Differential Uptake of C. trachomatis Serovars by Urogenital, Conjunctival Cells, HeLa, and PMA Stimulated THP-1 Cells
Growth curve comparison and immunofluorescence microscopy of inclusions formed by serovars L2, D, and A in urogenital, conjunctival cells, HeLa cells, and PMA stimulated THP-1 cells revealed significant differences in intracellular replication and inclusion formation between the serovariants (Figures 1, 2). To determine if these differences could be due to defects in uptake, we compared uptake of L2, D, and A in each cell-type. No significant difference in serovar uptake was noted in HeLa cells, however reduced uptake of serovars D and A was noted compared to L2 in all other cell-types (Figure 3, Figure S2). Intriguingly, no difference in uptake was noted for serovar A compared to D. These results suggest that while differences in serovar-specific uptake may play a role in cell-specific chlamydial infection, uptake differences are not the sole factor that govern restriction of serovar A replication in urogenital cells as similar numbers of bacteria are taken up for serovar D which robustly replicates in these cells.
Figure 3. Differential uptake of C. trachomatis serovars by primary urogenital and conjunctival epithelial cells. HVEC, HFK-2, HCK, HCjE, or HeLa cells were infected at a MOI of 1 with C. trachomatis 434/Bu (L2), D/UW-3/CX (D), and A/HAR-13 (A). Cells were centrifuged, the inoculum was removed, cells were washed three times with RPMI media, and cells were incubated at 37°C for 30 min to stimulate uptake. Cell were fixed with 4% formaldehyde and external bacteria were stained with an anti-LPS (green) antibody. Cells were subsequently permeabilized with 0.1% Triton-X 100 and stained with an anti-LPS (red) antibody to stain total bacteria and DAPI to stain host and bacterial DNA. The number of infected cells (red only) was determined and expressed as a percent of total cells. Data was tabulated from 20 fields in triplicate. Data are representative of 2 independent experiments. Statistical significance was determined using One-way ANOVA with Tukey as a post-test and yielded a significant difference of ***p < 0.001, **p < 0.01, or *p < 0.05.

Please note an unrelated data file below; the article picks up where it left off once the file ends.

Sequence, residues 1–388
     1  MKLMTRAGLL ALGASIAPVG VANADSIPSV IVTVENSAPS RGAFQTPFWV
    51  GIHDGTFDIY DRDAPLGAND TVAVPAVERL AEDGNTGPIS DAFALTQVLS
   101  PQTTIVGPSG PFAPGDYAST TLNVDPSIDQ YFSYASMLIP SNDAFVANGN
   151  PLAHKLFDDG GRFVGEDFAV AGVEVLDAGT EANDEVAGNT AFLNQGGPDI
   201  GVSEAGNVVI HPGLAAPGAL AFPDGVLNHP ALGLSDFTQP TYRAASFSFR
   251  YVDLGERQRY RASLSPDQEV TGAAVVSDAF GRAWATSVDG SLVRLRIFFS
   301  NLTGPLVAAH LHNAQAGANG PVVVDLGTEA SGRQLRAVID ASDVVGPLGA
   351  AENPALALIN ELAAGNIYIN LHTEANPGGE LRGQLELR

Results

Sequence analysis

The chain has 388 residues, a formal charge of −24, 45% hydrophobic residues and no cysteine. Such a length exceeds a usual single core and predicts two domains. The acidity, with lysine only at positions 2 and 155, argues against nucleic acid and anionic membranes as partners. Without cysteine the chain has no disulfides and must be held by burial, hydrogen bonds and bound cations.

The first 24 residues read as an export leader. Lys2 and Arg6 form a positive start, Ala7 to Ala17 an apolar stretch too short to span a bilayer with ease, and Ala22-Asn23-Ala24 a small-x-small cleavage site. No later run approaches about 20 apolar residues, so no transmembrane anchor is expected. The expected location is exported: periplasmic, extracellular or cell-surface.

The Host Cytokine Response to C. trachomatis Is Cell Type and Serovar Specific
To determine if the host innate immune response to chlamydial serovars differs and could potentially contribute to the differential ability of serovariants to grow in specific cell types, we infected HVEC, HCK, HFK-2, HCjE, HeLa, and THP-1 cells with serovars L2, D, and A and assessed the production of 36 cytokines using a human cytokine array. Notably, this array can detect the vast majority of cytokines that Chlamydia is known to induce upon infection. We compared cytokine profiles at 24 and 48 h post-infection, representing early and late stages of infection (Figure S3). Compared to the other cell-types, the HeLa cells were less immunoreactive, which is in line with previous observations indicating that they have many abnormalities in immune signaling pathways (Masters, 2002; Landry et al., 2013; Mittelman and Wilson, 2013) (Figure S1). In agreement with previous studies, we observed induction of Groα, IL-1α, IL-8, and IL-6 following infection of HeLa cells with serovar L2 (Rasmussen et al., 1997) (Table 1). To the best of our knowledge, these are the first data demonstrating cytokine production by Chlamydia infected vaginal epithelial cells, foreskin keratinocytes, and ectocervical keratinocytes, suggesting that they may play a major role in initiating the first immune mobilization early during chlamydial infection.
Table 1. Cytokine profiles of HeLa, HVEC, HCK, HFK-2, HCjE, or PMA stimulated THP-1 cells infected with L2, D, or A for 24 or 48 h.
At 24 h post-infection, very few differences in cytokine production were noted. No difference in cytokine production was noted for HVECs at 24 h post-infection and only a mild induction of MIF and IL-1rα was observed in HCK cells infected with serovar D. Interestingly, a ~1.5–2-fold decrease in IL-1β production was noted in human foreskin keratinocytes at 24 h regardless of the serovar, whereas IL-β production was elevated in L2 and A infected cells at 48 h (Figure 4). This suggests that C. trachomatis may actively repress inflammasome activation in specific cell-types early during infection. Furthermore, HFK cells may naturally resist infection due to a heightened early inflammasome response. In contrast, infection of HCjE cells resulted in induction of G-CSF at 24 h for all serovars, but only L2 and A induced Groα and IL-8 production at this early time point (Figure 4).
Figure 4. GM-CSF, G-CSF, Groα, IL-1β, IL-8 production in HVEC, HCK, HFK-2, and HCjE cells infected with C. trachomatis serovar L2, D, or A for 24 or 48 h. Cells were infected at an MOI of 1 with each serovar and at 24 or 48 h post-infection cytokine production was assessed using the human proteome profiler array. Signal was normalized to reference spot as described in the materials and method section and the signal percentage was expressed as a mean percent to the reference. Asterisks indicate significant differences between uninfected cells and infected cells. One-Way AVOVA was used to determine statistical significance (*P ≤ 0.05, **P ≤ 0.01, ***P ≤ 0.001).